Medicinal companies deal with perishable products that require special storage conditions, or else they turn out poisonous. So, packaging peculiarities for medicinal products serve so many functions other than just securing the contents. Remember, some products may even require sterilization before packaging, hence the call for special packaging conditions which are at par with medical standards, and also protects the integrity of the product accordingly.
Moreover, medicinal companies often ship their products to different parts of the world, in which they have to ensure that variations such as size, rigidity, dimension, sterility, and breathability are put into consideration.
Therefore, it shouldn’t catch you by surprise when you see medicinal companies using pharmaceutical collapsible aluminum tubes to pack ointments or even cream. Remember, pharmaceutical aluminum tubes are the best in as far as stable corrosion-free packaging is concerned. There are several structural considerations when it comes to medicinal product packaging. Some prolific packaging peculiarities for medicinal companies include but not limited to, the following:
Individual-wrap packages are ideal when it comes to single-use applications such as scalpels or syringes.
To some extent, individual wrappings may closely resemble blister packaging, only that the latter can only be incorporated as an add on. Some kinds of drugs that may also attract individual packagings include pills that can otherwise prove corrosive when packed together. Individual wrapping is also ideal for IV solutions, which are also one-time applications.
However, please note that individual wrapping does not extend to materials that aren’t certified for packaging medicinal products. For instance, you shouldn’t get a product from a chemist who is short of sterilization conditions, or void of aluminum film protection, or carton packaging.
Cartons and most specifically cartons that are manufactured from fiberboards are ideal when packaging products that are safe at room temperature and require a box-like enclosure. Cartons are common, and most over-the-counter pharmaceutical products will always come in carton packages. For instance, tablets that don’t come in blister packagings will always come in folding cartons. Drugs that will attract carton packaging also include the ones that can sit on mail transit for longer hours without perishing. Also, even after delivery, you may not need to observe special storage conditions other than just ensuring everything remains inside the carton box.
Pouches can be customized to meet a variety of needs, including special storage conditions such as refrigeration, sterilization, or water resistance. Other than special packaging, pouches can also be used to hold a range of oddly shaped applications or to carry drugs, especially when on field-work collectively.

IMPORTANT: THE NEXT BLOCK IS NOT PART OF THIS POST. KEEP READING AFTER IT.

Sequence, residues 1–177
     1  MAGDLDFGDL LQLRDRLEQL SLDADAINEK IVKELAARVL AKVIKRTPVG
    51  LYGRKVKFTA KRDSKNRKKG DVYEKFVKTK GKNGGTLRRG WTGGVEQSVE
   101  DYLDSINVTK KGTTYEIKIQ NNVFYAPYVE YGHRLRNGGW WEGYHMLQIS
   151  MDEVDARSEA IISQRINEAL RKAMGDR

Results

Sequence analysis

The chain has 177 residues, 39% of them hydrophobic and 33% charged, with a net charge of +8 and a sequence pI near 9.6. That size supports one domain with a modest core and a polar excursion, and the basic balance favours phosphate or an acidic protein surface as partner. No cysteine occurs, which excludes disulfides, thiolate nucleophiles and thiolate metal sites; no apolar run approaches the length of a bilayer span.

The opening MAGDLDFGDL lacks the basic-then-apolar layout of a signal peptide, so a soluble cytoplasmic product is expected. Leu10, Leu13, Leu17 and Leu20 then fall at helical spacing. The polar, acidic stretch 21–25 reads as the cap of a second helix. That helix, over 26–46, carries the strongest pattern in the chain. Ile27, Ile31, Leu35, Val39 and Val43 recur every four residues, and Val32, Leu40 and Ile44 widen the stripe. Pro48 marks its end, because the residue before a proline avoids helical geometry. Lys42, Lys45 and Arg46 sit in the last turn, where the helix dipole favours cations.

Blister packaging is used when there is a need to prevent products from contaminating. For instance, some medicinal products may need to stay separately lest they react when into contact, something that can lead to contamination and consequently, ineffectiveness or even poisoning in unfortunate cases. Blister packaging involves the use of film materials, which enables removal of the contents of blister packs without them coming into contact with each other.
Film materials that can be used in blister packs may either be peelable layers or push-through lidding. Other than just that, blister packs are also ideal for protecting drugs against other external factors such as excess light, humidity, and even temperatures. Most film materials used are either aluminum or plastic-based.
Finally, there is a category of sensitive implants or surgical items that require special storage conditions such as refrigeration and constant sterilization. For instance, donated human organs are sensitive implants that will require multi-compartment tray storage before being transported to the recipient. Multi-compartment trays are designed to keep the organs alive until it is time to transplant them. Other medicinal products that may attract multi-compartment trays packaging include blood banks, electric surgical needles, blood plasma, and body fluids scheduled for extensive laboratory tests. Another packaging in this category is the water-soluble packaging, which dissolves in water, deeming it suitable for products whose end-functions need water solution.
Depending on what is transported, and the needs of storage conditions, medicinal companies will always have varying package peculiarities from one product to another. You can always check on the edge of the packaging to see special storage conditions, once the product is delivered to your doorstep.